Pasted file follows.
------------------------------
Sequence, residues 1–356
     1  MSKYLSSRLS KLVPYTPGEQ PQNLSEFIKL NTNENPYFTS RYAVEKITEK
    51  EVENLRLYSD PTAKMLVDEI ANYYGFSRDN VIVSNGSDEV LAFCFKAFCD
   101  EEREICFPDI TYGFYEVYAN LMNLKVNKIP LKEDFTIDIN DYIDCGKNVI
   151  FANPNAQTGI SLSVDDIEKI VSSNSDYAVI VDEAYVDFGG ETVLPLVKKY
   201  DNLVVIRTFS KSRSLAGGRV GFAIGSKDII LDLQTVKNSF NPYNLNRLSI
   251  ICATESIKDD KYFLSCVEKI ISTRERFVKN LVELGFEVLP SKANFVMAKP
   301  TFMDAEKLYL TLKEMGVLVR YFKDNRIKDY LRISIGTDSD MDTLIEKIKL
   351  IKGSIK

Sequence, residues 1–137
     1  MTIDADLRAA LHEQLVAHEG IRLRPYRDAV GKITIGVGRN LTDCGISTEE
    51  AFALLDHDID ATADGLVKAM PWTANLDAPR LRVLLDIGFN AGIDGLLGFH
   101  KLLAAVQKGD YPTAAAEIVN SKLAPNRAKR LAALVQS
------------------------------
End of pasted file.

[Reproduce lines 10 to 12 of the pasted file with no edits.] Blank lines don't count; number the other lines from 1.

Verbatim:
Sequence, residues 1–137
     1  MTIDADLRAA LHEQLVAHEG IRLRPYRDAV GKITIGVGRN LTDCGISTEE
    51  AFALLDHDID ATADGLVKAM PWTANLDAPR LRVLLDIGFN AGIDGLLGFH